Abeer moved from Iraq to Lieksa three years ago. She moved her
because of problems she faced in Baghdad. Abeer also needed
to have a leg operation and was given the opportunity to have
this operation in Finland. She recently married Omar, another new
immigrant from Baghdad.

“Immigration is not easy, especially if you are far away from your family. I am in Baghdad in my dream, near of my mother, my brother, my friend. When I wake up I find myself in Finland.”

— Omar Mahmood

Omar Mahmood — Iraqi Immigrant

Omar is a refugee from Iraq. He recently moved to Lieksa to be with
his new wife, Abeer, who is also from Baghdad. Omar is starting a
new life in Finland after fleeing Baghdad in 2006.

“It was a shock when I moved to Finland because I couldn’t speak Finnish or English. But when I learned how to speak Finnish it wasn’t as hard as I thought.”

— Sarchal Abdullah

Sarchal Abdullah — Iraqi Immigrant

Sarchal is a new immigrant from Iraqi Kurdistan. Sarchal has integrated really well into the Finnish society and has learned to speak the language. He has also found a few jobs in he city.

“The Finnish population is getting quite old so they need more and more persons for this job. I want to live here. I am like half Lieksalien.”

— Hasan Fehmi Cankaya

Hasan Fehmi Cankaya — Turkish Immigrant

Hasan recently moved to Finland. He is originally from Turkey and has a Finnish wife who is from Lieksa. Hasan returned to school in Lieksa to study to be a caregiver for seniors.

crew bios


Brandy Yanchyk is an award winning independent documentary filmmaker based in Edmonton, Alberta. Her productions cover a wide range of social and factual genres and they have aired on channels including BBC World TV, CBC, CBC’s Documentary Channel, Rogers/OMNI TV, PBS and film festivals around the world.
Ms. Yanchyk is also a regular reporter/producer for BBC World’s The Travel Show and has covered stories worldwide including Canada, Finland, Australia and New Zealand for a global audience of 76 million viewers since 2009.
She has also worked as a news reporter for CBC for over a decade and as a broadcast journalist at BBC World TV and the BBC World Service in London.
Brandy Yanchyk’s documentaries include Becoming Albertan (2015) (Rogers/OMNI TV), Employment Matters (CBC and CBC’s Documentary Channel) (2015), Employment Matters Too (2015) (CBC and CBC’s Documentary Channel), The Working Originals (2015) (TELUS Optik Local), Finding Edge Road (2015) (CBC’s Documentary Channel), Grey Glory (2014) (CBC’s Documentary Channel, Rogers/OMNI TV), Grey Ambition (2014) (CBC’s Documentary Channel, Rogers/OMNI TV), Oil Calling (2013) (CBC’s Documentary Channel), Nature’s Invitation (2012) (CBC’s Documentary Channel, Rogers/OMNI TV), Brooks – The City of 100 Hellos (2011) (CBC’s Documentary Channel, Rogers/OMNI TV) and Desert to Ice (2009) (BBC World TV).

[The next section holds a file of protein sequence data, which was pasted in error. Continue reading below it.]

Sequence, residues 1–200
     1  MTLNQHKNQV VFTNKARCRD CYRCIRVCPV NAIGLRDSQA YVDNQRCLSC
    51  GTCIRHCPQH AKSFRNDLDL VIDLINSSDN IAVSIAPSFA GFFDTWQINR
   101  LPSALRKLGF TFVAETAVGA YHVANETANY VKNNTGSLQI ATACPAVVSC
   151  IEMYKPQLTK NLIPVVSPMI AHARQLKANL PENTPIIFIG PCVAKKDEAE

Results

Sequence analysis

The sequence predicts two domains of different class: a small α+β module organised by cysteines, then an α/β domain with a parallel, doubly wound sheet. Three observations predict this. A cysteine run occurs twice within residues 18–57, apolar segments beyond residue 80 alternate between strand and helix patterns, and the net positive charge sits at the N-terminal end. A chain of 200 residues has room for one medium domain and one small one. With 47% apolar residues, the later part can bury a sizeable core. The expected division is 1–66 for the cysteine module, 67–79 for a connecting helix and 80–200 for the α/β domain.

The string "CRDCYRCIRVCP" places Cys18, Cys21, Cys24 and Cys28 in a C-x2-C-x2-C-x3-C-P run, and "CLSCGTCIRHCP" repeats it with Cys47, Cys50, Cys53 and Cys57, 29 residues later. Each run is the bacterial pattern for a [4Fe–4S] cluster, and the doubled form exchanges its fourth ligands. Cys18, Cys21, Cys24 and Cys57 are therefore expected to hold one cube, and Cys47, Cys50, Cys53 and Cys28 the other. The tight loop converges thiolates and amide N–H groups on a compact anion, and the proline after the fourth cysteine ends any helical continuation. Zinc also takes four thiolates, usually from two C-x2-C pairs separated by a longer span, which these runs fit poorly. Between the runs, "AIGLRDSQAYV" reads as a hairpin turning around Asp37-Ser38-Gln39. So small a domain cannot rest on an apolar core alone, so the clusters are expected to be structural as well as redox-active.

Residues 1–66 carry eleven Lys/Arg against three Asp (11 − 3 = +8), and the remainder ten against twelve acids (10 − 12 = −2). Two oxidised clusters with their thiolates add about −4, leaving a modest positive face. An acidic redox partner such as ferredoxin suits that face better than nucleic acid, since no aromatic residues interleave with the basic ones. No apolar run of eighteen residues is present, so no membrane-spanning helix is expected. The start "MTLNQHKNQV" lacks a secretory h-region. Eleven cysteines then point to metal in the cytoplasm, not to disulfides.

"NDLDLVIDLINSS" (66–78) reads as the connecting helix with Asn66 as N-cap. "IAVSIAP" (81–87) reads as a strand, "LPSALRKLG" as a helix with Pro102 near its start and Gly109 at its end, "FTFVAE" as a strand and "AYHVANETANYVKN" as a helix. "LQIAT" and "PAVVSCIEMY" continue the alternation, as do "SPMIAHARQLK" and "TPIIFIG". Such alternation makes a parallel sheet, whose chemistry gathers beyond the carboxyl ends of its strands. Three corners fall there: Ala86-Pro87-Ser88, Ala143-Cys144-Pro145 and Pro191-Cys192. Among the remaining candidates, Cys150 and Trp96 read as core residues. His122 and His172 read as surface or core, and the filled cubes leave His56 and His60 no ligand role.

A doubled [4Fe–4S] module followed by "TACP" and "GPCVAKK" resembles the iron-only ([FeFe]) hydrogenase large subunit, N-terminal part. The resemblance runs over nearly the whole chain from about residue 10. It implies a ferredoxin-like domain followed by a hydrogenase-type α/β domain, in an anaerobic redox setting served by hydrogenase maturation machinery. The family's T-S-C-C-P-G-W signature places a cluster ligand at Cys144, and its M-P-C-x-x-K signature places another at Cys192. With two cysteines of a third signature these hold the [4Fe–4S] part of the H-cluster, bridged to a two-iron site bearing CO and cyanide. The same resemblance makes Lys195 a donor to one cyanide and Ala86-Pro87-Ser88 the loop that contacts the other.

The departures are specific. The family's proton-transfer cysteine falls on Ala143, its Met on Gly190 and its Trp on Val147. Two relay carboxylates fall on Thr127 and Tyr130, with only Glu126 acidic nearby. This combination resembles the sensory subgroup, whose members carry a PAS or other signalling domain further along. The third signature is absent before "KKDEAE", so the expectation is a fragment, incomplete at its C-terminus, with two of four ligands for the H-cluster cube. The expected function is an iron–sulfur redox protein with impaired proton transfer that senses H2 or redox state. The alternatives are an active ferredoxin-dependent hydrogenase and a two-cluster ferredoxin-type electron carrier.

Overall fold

Sarah Taylor — Editor

Sarah Taylor is an award winning Editor who has a wealth of broadcast and non-broadcast experience that includes network television series, magazine shows, and countless corporate and government video productions. She was the Editor of Grey Ambition, Grey Glory, Oil Calling, Brooks – The City of 100 Hellos and Nature’s Invitation for Brandy Y Productions Inc. Ms. Taylor was also the lead Editor of the sketch comedy series Caution: May Contain Nuts airing on APTN. She has also edited the series E-Town and Truckstop Bloodsuckers airing on Bite TV and Tiny Plastic Men airing on Super Channel. She edited the short film Maud Mary and the Titanic which was shown at the Tribeca film festival in 2012. In 2012 Sarah Taylor won ‘Best Editor for Drama under 30 Minutes’ at the Alberta Film & Television Awards.

OLLI AROMAA — sound mixer

Olli Aromaa is an enthusiastic Audio Engineer who has wide experience in the field of television broadcast, music recording, documentary and movie projects. He’s an expert in signal route planning and audio engineering of audio feeds and intercom systems. In Finland’s entertainment field he has worked on broadcasts such as David Hasselhoff Show, Dancing With the Stars, Big Brother, Paradise Hotel and many others. In sports broadcasts he has worked in internationally for World Rally Championship, variety of Red Bull broadcasts, horseraces and Champions Hockey league, amongst others.

Perttu Mutka — Second Camera

Perttu Mutka has worked both behind and in front of the camera and has been honored to be part of many great productions, locally in his native Finland and internationally with Canadian director Brandy Yanchyk. Perttu also an experienced sound designer and live mixing engineer.

Piia Mutka — Production Assistant

Piia Mutka has worked as a film crew assistant for Brandy Y Production’s Finding Edge Road and Brandy Yanchyk’s travel feature “Hug a Tree to be Happy” for BBC World TV’s travel show Fast:Track. She also provided translations for the documentary Finding Edge Road.